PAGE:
As I reflect on Kelly Reichardt’s “First Cow,” which opens in select theaters this weekend, I can’t help but smile on my “first Reichardt” experience, “Certain Women” and the audience reaction to that film. It is important to set the stage for this experience in that I was not a member of the press, so it was a general audience screening of paid admissions. If I remember correctly, I was the only male in the room, and I was the youngest.

We get to the end of that screening, the house lights come up, and one of the audience members verbally says, “what the [expletive] did we just watch?” I had to chuckle because in our homogenized world we live in today, where things are planned up the kazoo, we don’t know how to react to certain situations, or life without boundaries, which is a topic that Reichardt explores once again in “First Cow.”

Her latest film, an adaptation of “The Half Life” by Jonathan Raymond, who co-wrote the screenplay with Reichardt is set in late 19th century Oregon. The film opens on a meager John Magaro as Cookie Figowitz, a chef who understand the land that surrounds a fur trapping company he works for. Cookie is wise in his ways, but he cannot relate to the company that surrounds him, often leading them to tease him or to chastise him for not providing better food options.

Eventually, he finds a source of fish, making the trappers happy. But we get the sense that he is not satisfied; that he desperately wants more. Magaro’s performance is subtle at first, like a compass stuck in a magnetic field.

That is until he meets King Lu (Orion Lee). A man bold enough to make his way on his own, he convinces Cookie to take a chance, to broaden his strokes. A pastry chef by training, Cookie finds his inner voice by bringing pastries to the frontiersmen, eventually attracting the attention of a British overlord, a deliciously pompous and arrogant Chief Factor played by Toby Jones. Desirous of the pastries that remind him of home, Chief Factor asks Cookie if he can make a special kind of pastry, one that requires fruit and has to be done in a certain way. Cookie of course says that he can, if he had the right fruit.

Reichardt is genius in that she puts Cookie on a higher position than the Chief, allowing him to assert his knowledge of the local area, while taking away suspicion the Chief might have about how Cookie is getting his desperately needed dairy to make the delights that have taken the town by storm.

Cookie could not have achieved this without King Lu’s encouragement, and his free spirit even as we get the idea that King is just as trapped as Cookie is, and coincidentally, so too is the cow.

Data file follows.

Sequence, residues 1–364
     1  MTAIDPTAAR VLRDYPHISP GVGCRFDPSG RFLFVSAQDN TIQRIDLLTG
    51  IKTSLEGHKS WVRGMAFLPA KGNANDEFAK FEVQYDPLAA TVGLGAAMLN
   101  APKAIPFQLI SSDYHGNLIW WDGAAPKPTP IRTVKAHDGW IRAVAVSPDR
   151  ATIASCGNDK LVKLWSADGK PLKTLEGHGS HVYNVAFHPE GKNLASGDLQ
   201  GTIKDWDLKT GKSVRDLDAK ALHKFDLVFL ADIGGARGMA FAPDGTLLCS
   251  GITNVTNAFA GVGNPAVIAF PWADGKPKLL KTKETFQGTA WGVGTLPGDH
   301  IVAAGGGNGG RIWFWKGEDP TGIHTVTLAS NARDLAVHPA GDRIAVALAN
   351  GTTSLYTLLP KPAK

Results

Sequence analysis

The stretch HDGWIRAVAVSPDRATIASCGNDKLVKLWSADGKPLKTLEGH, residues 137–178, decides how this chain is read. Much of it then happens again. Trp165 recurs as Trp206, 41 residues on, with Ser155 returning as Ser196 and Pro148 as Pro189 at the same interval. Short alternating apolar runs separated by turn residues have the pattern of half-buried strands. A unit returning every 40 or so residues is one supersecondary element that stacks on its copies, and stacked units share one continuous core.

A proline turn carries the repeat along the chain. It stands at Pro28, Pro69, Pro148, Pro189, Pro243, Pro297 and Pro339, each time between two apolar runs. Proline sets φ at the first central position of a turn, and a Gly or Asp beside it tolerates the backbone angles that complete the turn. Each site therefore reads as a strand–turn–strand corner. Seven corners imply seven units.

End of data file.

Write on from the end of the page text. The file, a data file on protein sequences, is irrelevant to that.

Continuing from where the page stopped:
There are subtle ways in which Cookie’s antics are given up to Chief Factor, which forces Cookie and King Lu to flee; a quaint life in deep in the woods, away from much of civilization. The trappings of the forest render their situation even more precarious: Cookie’s common sense should have kicked in long before the later events in the film took place, but there was such joy on Cookie’s face and in Magaro’s performance that you could feel the character’s disappointment at the fact that he is as trapped as he was at the beginning of the film, only under a different set of circumstances.

The first hour of the film is used to develop those minute nuances in Cookie’s character, to establish the relationship between he and King Lu; some of the development is intentionally slow to give us time to feel as trapped in their world as they are. It can make the first act seem unnecessarily labored. On reflection though, I didn’t act as if “what the [expletive] did I just watch.” I rather relished in the fact that the characters recognized their own struggles, made the most of what they had and while they were not resigned to their fates, they accepted them head on because their relationship as friends sustained them far beyond the forest.

“First Cow” whispers in our ears to reach beyond our limitations, much the same as the wind touches the trees, shaking leaves, drawing us in. At the center of it all are two men who needed each other when they least expected it and in ways neither thought was possible for the other. Kelly Reichardt is a master at expanding our limitations.

  • First Cow